Australia: All Bushfires Under Control in New South Wales
Heavy rains in Australia have helped bring the country’s terrible bushfires under control. Australia has always had bushfires, but this season has been especially difficult. In New South Wales (NSW), which was hit the hardest, around 21,000 square miles (54,000 square kilometers) of land was burned.
Now, thanks to a week of heavy rains, all the fires in NSW have been put out or are under control.
But the extremely heavy rainfall also brought new trouble. Some areas of the country got around 16 inches (40 centimeters) of rain. So much rain falling so quickly has caused problems like flooding and mudslides.
It is also affecting the water supply. After the fires, the ground was covered with dust, ash, and small bits of other things destroyed in the fires. The rapid rainfall washed much of that into streams and rivers. Some dams that were low have been nearly filled or even over-filled in about a week.
That’s more water than water treatment systems can deal with. In some areas, people are being warned that the water quality might be lower than usual for a while.
In some cases, the water isn’t even drinkable. In Bega Valley, NSW, for example, water is being trucked in, even though the local dam is more than full.
UK, Northwest Europe Pounded by Storms
Storm Dennis has landed in the United Kingdom (UK), pounding the country with strong winds and heavy rains. The storm’s center is over Iceland, where there was a blizzard on Friday. The storm is one of the worst cyclones ever to hit the North Atlantic Ocean.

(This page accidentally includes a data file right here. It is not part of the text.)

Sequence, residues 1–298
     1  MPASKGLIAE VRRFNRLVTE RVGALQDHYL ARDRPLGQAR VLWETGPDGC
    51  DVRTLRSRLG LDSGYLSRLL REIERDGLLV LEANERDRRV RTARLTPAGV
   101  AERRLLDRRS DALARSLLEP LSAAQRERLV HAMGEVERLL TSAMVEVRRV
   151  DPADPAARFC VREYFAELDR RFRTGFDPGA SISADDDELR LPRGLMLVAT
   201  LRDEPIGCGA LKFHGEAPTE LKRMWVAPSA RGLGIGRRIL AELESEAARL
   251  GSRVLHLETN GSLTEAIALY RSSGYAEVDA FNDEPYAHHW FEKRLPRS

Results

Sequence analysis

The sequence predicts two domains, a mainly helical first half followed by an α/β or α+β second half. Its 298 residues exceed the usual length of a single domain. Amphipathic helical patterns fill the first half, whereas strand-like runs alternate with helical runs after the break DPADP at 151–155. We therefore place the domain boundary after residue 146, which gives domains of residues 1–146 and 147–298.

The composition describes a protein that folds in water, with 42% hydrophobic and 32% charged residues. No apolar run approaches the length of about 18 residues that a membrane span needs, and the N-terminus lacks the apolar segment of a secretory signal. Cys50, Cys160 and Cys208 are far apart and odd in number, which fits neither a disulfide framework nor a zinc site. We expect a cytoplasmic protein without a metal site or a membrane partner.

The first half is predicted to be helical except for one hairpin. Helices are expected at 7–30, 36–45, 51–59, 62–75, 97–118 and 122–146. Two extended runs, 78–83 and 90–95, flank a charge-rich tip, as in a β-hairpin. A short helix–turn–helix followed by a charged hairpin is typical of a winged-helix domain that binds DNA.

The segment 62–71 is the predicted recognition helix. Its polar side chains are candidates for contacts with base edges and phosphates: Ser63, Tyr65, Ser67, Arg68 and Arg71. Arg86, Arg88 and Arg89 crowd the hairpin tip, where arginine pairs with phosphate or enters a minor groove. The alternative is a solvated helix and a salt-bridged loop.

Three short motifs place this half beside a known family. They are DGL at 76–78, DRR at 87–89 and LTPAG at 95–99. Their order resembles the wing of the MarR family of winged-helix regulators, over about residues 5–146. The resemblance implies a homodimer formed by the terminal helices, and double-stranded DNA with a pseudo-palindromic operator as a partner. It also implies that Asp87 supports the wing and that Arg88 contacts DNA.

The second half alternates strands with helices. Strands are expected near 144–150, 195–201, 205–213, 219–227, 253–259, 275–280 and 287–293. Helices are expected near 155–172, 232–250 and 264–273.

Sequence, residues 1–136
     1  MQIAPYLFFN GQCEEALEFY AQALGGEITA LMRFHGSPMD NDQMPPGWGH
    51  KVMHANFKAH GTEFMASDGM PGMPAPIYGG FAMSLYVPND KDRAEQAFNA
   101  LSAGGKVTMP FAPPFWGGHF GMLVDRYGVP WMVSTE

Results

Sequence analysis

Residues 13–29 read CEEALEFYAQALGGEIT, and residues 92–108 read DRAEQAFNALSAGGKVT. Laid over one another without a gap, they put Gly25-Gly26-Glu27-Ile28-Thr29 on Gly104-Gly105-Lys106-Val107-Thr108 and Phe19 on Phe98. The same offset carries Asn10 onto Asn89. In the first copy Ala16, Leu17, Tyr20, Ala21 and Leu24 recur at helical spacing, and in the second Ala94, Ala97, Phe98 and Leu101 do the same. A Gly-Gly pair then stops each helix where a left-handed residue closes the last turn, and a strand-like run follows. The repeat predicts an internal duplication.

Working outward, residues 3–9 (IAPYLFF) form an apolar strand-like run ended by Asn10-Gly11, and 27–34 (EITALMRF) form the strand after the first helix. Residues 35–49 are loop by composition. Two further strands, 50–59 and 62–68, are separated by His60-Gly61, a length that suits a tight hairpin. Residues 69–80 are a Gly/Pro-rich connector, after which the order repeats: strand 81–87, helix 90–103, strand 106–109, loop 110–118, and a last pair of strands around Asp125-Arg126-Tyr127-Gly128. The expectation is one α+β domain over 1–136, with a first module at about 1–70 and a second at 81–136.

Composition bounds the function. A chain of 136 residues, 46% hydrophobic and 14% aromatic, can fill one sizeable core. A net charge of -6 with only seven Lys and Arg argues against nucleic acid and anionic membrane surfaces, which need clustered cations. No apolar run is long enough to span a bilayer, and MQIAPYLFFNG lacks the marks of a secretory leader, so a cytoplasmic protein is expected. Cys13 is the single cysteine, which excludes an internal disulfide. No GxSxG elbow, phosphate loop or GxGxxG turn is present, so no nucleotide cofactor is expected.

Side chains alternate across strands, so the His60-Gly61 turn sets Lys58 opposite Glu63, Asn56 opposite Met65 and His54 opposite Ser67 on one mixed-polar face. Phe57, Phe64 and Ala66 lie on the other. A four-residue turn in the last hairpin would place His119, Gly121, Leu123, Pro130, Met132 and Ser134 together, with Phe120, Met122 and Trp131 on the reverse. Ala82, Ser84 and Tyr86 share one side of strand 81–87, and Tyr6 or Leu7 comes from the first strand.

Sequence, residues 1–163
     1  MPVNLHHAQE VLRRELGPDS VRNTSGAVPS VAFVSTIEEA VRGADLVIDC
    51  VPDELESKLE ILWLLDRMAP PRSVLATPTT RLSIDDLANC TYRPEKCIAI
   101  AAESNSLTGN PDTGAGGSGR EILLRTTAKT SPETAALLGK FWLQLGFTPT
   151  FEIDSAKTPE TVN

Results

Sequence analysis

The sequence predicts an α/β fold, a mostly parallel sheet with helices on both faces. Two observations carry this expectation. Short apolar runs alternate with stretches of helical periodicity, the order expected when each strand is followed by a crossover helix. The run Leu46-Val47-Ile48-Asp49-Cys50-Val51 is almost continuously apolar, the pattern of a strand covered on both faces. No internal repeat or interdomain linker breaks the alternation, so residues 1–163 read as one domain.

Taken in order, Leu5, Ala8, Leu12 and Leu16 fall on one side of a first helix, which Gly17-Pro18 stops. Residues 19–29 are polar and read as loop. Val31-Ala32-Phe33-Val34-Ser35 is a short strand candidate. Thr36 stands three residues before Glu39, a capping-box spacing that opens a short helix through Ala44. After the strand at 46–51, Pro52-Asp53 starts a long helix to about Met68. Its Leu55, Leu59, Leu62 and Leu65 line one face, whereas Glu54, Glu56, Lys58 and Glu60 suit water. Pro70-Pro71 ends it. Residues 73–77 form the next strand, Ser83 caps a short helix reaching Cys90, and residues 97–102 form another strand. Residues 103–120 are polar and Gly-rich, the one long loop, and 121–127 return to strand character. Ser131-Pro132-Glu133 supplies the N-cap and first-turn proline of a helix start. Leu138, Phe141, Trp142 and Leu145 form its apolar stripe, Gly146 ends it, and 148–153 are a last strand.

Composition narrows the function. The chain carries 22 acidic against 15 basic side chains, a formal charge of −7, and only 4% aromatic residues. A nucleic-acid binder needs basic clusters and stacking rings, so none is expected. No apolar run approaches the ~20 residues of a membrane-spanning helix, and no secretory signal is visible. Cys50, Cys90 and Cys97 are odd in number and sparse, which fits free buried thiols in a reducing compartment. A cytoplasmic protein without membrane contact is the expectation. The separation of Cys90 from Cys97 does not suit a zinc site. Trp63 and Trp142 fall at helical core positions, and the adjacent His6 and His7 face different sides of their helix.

Many flights into and out of the UK were canceled because of the wind. Along the coasts, winds may get as fast as 98 miles per hour (158 kilometers per hour). Some waves could reach as high as 100 feet (30 meters). One of the biggest worries is that the heavy rains will cause serious flooding.
It’s the area’s second major storm in a week. The UK and Northwestern Europe are struggling to recover after being hit by Storm Ciara (called Sabine in Germany). Ciara caused flooding and power cuts. At least 8 people died in Europe as a result of Storm Ciara.
Armand Duplantis Sets World Pole Vault Record – Twice
On February 8, 20-year-old Armand Duplantis broke the world pole vault record by clearing the bar at 6.17 meters (20 feet, 2⅞ inches). That vault put him ahead of the 2014 record set by Renaud Lavillenie of France.
When Lavillenie heard that Duplantis had broken his record, he wasn’t surprised. He said he thought Duplantis could go even higher.
He was right. A week later, on February 15, Duplantis broke his own record, vaulting to a height of 6.18 meters (20 feet, 3⅜ inches).
Duplantis was born in the United States, but competes for Sweden. He won the silver medal in the 2019 World Athletics Championships. Duplantis is coached by his father, who was also a pole vaulter. Duplantis is looking forward to the Olympics this summer. “That is when I want to be at my best,” he said.